Two or three times a day, for 20 minutes or so, I escape the confines of my home office and work on my jump-shot. I try to get 50 shots in before my creaky knees collapse, or the ball deflects to some weird part of a neighbouring property that I’m temporarily too embarrassed to retrieve (this happens a lot, and I’m an adult, so it’s really weird).
I do this in spite of the fact that by all means, my window into athletic superstardom has been closed for some time, (side note: can a door that was never open technically be closed, or is that just a wall with a non-functioning door knob on it?) I still place a great deal of importance on getting away from the more self-actualized version of myself. The one with the insatiable fickleness in spite of having a pretty great life.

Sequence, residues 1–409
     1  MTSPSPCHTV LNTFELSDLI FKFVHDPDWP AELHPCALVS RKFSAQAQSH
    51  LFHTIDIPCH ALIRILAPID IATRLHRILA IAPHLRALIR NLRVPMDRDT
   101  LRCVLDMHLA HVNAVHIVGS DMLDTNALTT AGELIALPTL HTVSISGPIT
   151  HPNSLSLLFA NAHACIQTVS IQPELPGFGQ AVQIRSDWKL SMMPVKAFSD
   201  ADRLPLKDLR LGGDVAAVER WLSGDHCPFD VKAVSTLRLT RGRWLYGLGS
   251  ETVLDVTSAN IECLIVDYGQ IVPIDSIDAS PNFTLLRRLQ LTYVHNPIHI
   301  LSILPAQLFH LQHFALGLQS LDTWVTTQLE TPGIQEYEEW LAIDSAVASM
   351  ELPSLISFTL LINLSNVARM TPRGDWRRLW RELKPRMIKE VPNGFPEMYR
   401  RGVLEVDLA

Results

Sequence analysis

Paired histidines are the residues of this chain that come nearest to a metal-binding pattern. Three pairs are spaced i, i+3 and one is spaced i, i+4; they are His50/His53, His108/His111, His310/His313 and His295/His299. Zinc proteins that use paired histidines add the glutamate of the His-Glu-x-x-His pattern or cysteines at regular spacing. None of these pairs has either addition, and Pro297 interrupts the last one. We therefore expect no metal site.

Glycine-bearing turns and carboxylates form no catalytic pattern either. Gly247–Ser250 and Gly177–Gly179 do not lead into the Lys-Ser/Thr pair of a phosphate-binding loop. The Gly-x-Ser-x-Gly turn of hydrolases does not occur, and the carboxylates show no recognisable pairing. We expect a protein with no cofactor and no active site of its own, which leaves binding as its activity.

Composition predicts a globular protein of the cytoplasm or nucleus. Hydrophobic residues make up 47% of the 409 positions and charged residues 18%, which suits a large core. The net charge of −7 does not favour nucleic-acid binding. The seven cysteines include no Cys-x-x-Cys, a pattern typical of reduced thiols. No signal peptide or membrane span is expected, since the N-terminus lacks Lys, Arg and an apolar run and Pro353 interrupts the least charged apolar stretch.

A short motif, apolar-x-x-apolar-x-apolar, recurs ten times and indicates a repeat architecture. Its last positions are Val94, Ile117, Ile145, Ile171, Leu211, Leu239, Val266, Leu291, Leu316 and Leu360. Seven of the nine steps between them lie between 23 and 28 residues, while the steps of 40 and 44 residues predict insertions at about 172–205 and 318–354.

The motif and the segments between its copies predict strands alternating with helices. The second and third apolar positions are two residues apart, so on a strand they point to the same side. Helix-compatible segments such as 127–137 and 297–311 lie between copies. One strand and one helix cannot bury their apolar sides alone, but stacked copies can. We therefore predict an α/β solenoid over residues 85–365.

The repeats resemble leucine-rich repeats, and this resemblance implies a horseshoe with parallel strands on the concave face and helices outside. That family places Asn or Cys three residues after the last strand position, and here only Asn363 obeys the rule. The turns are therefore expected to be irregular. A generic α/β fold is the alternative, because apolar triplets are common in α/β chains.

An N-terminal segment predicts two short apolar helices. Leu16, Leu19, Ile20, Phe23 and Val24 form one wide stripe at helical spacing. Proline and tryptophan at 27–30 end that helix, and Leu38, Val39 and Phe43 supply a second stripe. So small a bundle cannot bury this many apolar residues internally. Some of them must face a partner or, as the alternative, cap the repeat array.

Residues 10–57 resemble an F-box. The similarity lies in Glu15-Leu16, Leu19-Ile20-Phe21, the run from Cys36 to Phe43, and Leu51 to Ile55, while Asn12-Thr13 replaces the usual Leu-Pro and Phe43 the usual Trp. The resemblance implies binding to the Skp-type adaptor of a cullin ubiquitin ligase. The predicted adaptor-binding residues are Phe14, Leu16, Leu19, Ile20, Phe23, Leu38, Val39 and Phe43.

It’s nice to be bad at something. Or perhaps, to be bad at something and be totally ok with it, knowing that you’re just doing the thing that makes you happy, and who cares if that weird neighbor kid feels the need to weigh-in on the subject (I hope you’re reading this weird neighbor kid!).
It’s a wake-up call. Like when you get to the point in your life where you’re so criminally competent, or adequate, or ok(!) with your work, or yourself, or your relationships that you grow ever-consumed by the dread of failure. So you shut-off and stop applying yourself, or going on adventures, or smelling flowers, or taking awful 17-foot jump shots because you’re good at exactly what you know, and the speck of light that broke through that sealed door-frame (or wall with a non-fucntiong door knob) is growing increasinlgy distant.
Today, go be awful at something.